Nazareth! Can anything good come from there?" Nathanael asked. "Come and see," said Philip.
Nestled in the upper part of the Arkansas River Valley just North of Ozark in Franklin County is Mulberry Mountain. Mulberry Mountain has become the site of several notable music festivals, including Wakarusa, Thunder on the Mountain and The Yonder Mountain String Band's Harvest Music Festival. These festivals take advantage of the beautiful scenery and hospitable climes of the River Valley resting in the lap of the Arkansas Ozark Mountains.
The Wakarusa Music and Camping Festival
is a four-day alfresco soiree focusing somewhere in the vicinity of alternative rock and is held in early June. Named for the Wakarusa River (Wakarusa meaning "Ass Deep" in the Native American vernacular), was first held at Clinton State Park immediately outside of Lawrence, Kansas beginning in 2004. It moved to Mulberry Mountain in 2009. The festival is known for a diverse mix of music and has featured artists The Black Keys, The Flaming Lips, Wilco, My Morning Jacket, Grace Potter and the Nocturnals and Bela Fleck and the Flecktones. Activities other than music included disc golf, yoga, hiking, and swimming in The Mulberry River. Since its inception in 2004, the festival has grown dramatically from only 5,000 at the initial 2004 Wakarusa until in 2011 which holds the record highest number of attendees at 20,000. Thunder on the Mountain
is a whole different kettle of fish. It is a country music festival that had its inaugural year in June 2013. Feature acts included Toby Keith, Luke Bryan and Gretchen Wilson. From the edgier side of the dirt road come Shooter Jennings, Reckless Kelly and The Cadillac Three. Festival organizers elected to take 2014 off to consolidate their efforts, preparing to return in 2015 with a more impressive line-up.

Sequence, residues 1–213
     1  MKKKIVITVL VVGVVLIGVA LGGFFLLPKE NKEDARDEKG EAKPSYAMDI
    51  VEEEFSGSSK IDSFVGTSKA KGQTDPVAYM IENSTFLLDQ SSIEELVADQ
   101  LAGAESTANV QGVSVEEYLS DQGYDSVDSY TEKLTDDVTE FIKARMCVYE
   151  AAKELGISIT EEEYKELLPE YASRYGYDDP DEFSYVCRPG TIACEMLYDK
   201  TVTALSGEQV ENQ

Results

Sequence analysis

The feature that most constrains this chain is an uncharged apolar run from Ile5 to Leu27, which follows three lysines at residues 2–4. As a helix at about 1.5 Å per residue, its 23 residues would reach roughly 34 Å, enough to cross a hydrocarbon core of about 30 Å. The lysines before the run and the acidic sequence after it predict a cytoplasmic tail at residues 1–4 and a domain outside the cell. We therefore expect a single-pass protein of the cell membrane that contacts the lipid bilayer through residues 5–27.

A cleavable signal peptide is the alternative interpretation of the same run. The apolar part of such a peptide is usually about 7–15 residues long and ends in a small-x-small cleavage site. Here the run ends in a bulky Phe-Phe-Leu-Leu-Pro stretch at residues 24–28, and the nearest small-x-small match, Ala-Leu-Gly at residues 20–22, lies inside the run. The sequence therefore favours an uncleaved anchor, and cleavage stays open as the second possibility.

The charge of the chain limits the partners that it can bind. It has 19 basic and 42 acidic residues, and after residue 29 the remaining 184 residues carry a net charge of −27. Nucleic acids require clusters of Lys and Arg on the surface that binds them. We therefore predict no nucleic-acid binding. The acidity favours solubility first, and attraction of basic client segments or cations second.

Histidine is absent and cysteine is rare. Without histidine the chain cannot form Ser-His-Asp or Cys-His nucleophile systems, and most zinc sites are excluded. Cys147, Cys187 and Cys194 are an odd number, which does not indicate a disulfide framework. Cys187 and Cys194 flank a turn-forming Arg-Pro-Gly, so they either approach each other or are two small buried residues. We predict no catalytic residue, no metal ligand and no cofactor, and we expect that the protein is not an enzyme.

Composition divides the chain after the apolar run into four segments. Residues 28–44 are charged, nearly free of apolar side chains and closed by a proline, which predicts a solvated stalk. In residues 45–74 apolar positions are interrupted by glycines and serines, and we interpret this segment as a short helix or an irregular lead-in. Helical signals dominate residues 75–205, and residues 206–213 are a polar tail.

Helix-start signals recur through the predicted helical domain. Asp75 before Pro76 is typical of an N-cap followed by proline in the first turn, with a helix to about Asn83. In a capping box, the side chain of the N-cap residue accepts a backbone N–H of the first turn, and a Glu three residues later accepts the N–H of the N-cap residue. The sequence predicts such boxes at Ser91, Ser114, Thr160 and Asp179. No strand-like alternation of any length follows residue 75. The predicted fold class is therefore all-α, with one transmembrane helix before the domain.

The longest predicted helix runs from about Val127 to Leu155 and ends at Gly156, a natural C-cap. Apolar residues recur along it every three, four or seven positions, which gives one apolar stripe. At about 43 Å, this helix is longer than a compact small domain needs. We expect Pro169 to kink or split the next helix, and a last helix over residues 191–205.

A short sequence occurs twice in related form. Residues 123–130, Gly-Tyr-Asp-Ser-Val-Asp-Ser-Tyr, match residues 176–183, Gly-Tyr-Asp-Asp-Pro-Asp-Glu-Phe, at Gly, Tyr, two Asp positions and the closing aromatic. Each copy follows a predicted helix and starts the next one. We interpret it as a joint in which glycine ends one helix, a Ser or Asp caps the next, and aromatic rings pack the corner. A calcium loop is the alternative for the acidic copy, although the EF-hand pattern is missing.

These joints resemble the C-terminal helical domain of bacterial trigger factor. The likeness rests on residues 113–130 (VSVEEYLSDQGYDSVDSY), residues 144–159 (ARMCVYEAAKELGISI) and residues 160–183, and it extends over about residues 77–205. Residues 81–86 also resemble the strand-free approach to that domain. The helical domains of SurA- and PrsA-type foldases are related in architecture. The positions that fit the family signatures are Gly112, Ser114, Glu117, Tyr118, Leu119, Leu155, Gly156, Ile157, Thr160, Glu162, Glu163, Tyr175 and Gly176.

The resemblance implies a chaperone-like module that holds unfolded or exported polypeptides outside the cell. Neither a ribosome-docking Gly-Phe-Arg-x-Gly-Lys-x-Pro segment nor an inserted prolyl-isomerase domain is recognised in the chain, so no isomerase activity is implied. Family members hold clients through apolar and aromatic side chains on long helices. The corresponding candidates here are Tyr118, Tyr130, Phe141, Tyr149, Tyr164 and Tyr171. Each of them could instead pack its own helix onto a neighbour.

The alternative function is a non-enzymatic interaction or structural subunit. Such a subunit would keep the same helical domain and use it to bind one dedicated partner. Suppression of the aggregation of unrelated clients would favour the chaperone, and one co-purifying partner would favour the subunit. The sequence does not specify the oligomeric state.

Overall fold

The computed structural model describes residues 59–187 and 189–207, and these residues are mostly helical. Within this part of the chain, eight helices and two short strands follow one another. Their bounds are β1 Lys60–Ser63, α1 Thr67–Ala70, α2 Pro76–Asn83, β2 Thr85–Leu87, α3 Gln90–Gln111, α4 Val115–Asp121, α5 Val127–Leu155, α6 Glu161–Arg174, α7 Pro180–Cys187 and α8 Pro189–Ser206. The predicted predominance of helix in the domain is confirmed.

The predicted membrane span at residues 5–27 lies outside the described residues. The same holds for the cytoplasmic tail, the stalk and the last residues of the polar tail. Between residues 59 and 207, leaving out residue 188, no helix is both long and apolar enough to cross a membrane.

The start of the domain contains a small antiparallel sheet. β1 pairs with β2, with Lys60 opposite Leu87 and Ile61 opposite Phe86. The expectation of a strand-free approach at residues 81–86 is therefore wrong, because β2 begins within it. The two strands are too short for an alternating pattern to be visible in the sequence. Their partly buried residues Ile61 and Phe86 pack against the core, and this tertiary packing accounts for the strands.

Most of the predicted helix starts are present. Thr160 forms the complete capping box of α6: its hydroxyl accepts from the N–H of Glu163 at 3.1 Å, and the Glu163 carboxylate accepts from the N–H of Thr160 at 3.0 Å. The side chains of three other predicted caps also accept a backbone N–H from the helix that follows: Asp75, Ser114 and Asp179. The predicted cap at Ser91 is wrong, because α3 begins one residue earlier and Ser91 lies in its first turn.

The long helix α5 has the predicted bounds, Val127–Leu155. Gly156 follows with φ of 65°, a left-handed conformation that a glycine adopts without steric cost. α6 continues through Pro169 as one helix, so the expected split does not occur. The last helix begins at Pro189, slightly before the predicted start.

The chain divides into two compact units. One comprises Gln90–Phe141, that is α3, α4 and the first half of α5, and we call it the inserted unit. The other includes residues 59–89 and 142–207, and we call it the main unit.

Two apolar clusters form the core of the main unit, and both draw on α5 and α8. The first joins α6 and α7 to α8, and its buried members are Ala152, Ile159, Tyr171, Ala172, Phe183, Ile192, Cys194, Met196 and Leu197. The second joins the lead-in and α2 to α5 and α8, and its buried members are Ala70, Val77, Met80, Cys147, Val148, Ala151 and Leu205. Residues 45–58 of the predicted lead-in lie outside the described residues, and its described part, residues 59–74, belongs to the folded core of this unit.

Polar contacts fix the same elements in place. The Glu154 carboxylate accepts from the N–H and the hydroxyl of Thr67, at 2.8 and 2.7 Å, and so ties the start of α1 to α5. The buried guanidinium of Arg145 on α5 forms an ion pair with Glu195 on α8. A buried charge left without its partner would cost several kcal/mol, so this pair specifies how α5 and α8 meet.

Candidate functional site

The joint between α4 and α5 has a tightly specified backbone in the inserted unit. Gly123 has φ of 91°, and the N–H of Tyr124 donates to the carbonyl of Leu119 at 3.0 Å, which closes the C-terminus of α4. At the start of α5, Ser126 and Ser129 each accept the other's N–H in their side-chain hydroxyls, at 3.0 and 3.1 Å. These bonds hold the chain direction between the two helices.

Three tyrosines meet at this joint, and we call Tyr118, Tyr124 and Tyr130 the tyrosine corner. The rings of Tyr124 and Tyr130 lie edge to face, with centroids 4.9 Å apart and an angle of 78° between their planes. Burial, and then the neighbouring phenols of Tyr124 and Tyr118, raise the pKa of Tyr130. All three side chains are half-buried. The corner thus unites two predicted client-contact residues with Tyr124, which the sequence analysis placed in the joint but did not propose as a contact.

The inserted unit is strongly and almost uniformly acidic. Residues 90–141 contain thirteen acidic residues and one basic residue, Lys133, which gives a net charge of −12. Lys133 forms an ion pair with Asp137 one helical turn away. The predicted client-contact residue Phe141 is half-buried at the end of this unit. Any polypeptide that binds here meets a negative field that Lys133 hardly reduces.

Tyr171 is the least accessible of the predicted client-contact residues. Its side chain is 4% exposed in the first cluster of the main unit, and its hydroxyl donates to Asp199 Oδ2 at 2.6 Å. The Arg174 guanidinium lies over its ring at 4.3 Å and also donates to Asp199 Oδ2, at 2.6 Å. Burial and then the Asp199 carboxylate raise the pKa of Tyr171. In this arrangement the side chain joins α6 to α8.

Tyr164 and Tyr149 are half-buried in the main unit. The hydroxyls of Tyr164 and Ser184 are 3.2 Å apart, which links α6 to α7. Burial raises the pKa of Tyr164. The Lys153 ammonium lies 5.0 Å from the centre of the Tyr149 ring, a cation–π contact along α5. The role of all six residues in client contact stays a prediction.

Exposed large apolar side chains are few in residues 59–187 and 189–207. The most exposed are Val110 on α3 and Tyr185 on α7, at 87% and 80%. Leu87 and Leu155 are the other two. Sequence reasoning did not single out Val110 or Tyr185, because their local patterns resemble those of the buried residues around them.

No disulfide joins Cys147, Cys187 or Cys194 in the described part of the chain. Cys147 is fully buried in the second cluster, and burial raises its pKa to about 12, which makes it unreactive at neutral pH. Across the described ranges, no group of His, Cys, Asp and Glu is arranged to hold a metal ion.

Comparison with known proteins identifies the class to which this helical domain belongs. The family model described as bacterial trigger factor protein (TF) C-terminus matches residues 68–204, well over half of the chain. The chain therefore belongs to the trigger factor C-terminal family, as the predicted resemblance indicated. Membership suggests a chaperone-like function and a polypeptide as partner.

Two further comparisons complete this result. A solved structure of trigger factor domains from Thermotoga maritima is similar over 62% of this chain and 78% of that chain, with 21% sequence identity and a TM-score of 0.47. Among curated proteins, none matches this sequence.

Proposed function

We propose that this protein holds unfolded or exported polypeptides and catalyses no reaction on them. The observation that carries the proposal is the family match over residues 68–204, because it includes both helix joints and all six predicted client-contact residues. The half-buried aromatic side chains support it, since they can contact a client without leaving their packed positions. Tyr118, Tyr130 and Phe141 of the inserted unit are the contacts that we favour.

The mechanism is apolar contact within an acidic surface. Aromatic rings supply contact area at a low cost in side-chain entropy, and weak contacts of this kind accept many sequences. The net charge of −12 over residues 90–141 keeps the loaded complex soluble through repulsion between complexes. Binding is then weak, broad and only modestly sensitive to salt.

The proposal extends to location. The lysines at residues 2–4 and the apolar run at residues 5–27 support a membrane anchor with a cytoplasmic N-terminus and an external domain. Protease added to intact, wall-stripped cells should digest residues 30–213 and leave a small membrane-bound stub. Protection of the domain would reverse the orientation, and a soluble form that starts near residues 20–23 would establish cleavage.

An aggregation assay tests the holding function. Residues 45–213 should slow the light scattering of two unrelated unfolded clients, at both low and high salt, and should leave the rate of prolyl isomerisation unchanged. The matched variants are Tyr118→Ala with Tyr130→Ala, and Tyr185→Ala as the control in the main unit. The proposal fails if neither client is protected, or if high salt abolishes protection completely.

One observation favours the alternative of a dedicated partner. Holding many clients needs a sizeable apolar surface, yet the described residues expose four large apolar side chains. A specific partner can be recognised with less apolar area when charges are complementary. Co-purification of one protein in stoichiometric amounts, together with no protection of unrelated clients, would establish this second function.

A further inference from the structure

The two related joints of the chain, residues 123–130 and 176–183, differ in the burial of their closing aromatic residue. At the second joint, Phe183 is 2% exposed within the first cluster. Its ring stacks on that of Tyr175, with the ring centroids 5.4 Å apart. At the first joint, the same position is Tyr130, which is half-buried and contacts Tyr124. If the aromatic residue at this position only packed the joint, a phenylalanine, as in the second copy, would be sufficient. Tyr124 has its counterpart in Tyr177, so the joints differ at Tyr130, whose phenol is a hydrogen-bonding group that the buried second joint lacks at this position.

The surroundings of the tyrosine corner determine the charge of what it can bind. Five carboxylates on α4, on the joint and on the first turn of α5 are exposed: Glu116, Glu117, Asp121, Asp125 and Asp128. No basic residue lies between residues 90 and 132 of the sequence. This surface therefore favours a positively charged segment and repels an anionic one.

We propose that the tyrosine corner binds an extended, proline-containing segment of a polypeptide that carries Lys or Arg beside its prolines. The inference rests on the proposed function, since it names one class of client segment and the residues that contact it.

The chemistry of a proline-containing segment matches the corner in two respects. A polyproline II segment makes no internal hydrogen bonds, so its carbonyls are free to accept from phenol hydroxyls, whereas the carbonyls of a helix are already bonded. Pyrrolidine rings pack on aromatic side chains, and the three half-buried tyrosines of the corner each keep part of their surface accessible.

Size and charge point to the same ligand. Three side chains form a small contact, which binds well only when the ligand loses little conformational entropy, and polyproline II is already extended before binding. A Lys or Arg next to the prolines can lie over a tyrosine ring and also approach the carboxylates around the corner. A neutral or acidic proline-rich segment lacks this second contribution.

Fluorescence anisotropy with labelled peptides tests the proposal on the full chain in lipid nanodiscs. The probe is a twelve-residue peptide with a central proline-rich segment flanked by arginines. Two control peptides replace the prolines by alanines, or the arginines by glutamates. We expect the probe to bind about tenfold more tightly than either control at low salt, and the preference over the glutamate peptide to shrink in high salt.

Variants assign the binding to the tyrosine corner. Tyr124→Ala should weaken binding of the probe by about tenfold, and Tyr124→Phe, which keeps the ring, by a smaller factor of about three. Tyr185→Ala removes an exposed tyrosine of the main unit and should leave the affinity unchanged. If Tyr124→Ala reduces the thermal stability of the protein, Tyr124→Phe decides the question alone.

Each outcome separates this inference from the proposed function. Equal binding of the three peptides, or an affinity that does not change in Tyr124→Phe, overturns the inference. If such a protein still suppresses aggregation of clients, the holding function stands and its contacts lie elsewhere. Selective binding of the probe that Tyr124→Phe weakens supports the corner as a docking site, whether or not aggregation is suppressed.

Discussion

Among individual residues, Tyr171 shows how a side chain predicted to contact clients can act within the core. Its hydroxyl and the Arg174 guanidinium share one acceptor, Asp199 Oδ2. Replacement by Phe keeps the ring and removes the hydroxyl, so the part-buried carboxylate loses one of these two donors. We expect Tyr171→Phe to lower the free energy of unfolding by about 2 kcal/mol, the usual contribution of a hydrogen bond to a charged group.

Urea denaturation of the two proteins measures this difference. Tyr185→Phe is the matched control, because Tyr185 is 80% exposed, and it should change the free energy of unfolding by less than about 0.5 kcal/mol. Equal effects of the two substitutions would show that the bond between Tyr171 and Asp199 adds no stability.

Lastly, and chronologically closer in proximity is the The Yonder Mountain String Band's Harvest Music Festival
AKA The Mulberry Mountain Harvest Music Festival
. The festival, occurring October 1518, is in its eighth year, threatening for popular dominance the well-established and internationally known Mountain View Bluegrass Festival
in Mountain View, Arkansas, enjoying its 12th annual airing in November. It might be fair to compare the two festivals as the Mountain View as the traditional and the Harvest Festival the alternate-alternate version of the "bluegrass flavor."
This year's schedule includes the Yonder Mountain String Band, Carolina Chocolate Drops, Trampled by Turtles and the Jerry Douglas Band as well as many other bands from the outer climes of wooden music. There is no better time to enjoy all things Autumnal than at the breast of the Ozark Mountains in October.